Despite its advancements over the years particularly in the oil, gas and power industries, it is no secret that Africa is still plagued with the very real issue of inefficient energy supply. Recording nearly 600 million people with no access to electricity, the question of what it will take to eliminate poverty in Africa is prevalent now more than ever.
While the continent has enjoyed great achievements in oil and gas developments and seen the launch of numerous successful renewable energy programmes, bringing online large scale world-class projects, it still has not managed to close the power gap as it hedges forward with its goal of sustainable energy mixes. So, what’s next for Africa?
With rising populations and high electricity costs, African countries are investing in various sources for electricity generation but, one remains largely unimplemented and, not without reason.
Nuclear energy and Africa
While nuclear energy is widely unexplored on the continent with South Africa remaining the only country with a commercialised nuclear power plant.
Egypt is home to one of the oldest nuclear power programmes. Launched in 1954, the programme is responsible for the 4.8 GW El Dabaa nuclear power plant, currently in the construction phase. The project will be developed by, Russian State Atomic Energy Corporation (ROSATOM) – the biggest nuclear power player in Africa having concluded memoranda of understanding with Kenya, Nigeria, Sudan, Zambia and Uganda.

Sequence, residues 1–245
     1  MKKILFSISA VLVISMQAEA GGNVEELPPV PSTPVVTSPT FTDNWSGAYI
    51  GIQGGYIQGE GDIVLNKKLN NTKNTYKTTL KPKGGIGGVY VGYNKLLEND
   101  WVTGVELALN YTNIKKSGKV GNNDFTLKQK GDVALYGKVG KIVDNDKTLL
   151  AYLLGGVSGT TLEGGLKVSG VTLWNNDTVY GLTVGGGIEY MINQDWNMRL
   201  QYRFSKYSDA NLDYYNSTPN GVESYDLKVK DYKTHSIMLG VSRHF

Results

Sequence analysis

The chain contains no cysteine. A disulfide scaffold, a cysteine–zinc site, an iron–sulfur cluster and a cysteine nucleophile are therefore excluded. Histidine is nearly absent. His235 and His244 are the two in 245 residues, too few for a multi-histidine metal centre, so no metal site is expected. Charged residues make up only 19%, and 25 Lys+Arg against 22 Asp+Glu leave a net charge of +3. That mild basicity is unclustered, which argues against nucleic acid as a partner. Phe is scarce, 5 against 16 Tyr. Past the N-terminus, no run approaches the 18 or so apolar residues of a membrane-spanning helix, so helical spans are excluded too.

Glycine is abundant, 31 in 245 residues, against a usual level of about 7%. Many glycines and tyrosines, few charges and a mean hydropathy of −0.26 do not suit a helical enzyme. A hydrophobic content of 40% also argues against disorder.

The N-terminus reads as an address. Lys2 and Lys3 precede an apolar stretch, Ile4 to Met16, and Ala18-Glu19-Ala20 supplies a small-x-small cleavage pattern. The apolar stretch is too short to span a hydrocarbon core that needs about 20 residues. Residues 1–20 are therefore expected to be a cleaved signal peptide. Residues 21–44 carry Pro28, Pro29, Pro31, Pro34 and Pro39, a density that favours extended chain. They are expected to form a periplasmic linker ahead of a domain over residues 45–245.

Kenya’s first nuclear reactor is set for completion in 2027 while Uganda’s 2019 Inter-Governmental Agreement with ROSATOM to help develop nuclear infrastructure remains in place.
Though it has not made any announcements in regards to implementing nuclear in its energy mix, earlier this year, Senegal shared its readiness for nuclear energy, through its Integrated Nuclear Security Support Plan (INSSP) developed alongside the International Atomic Energy Agency (IAEA).
“Before the INSSP, we did not consider nuclear security to be a problem that affected our country, as we do not have a nuclear power programme. In cooperation with the International Atomic Energy Agency, we are working to assess our threats,” said Ndèye Arame Boye Faye, Director General of Senegal’s regulatory body, the Radiation Protection and Nuclear Safety Authority. “Since working with the IAEA, we have also reassessed our priorities and capabilities and enhanced our competencies in the field of nuclear security,” he told the agency.
The challenges of nuclear energy
Nuclear energy is one of the more attractive options when considering a clean, reliable and cost-effective energy source. But, it does not come without its challenges.
For instance, it could take years for a country anywhere in the world to initiate a nuclear power programme and, infrastructure development could not come any sooner than 10 -15 years. Simply put, the nuclear route requires a lot of patience and dedication – especially in Africa where a number of countries are working towards development.
According to Miliko Kovachev, Head of the International Atomic Energy Agency’s Nuclear Infrastructure Development Section: “A successful nuclear power programme requires broad political and popular support and a national commitment of at least 100 years.”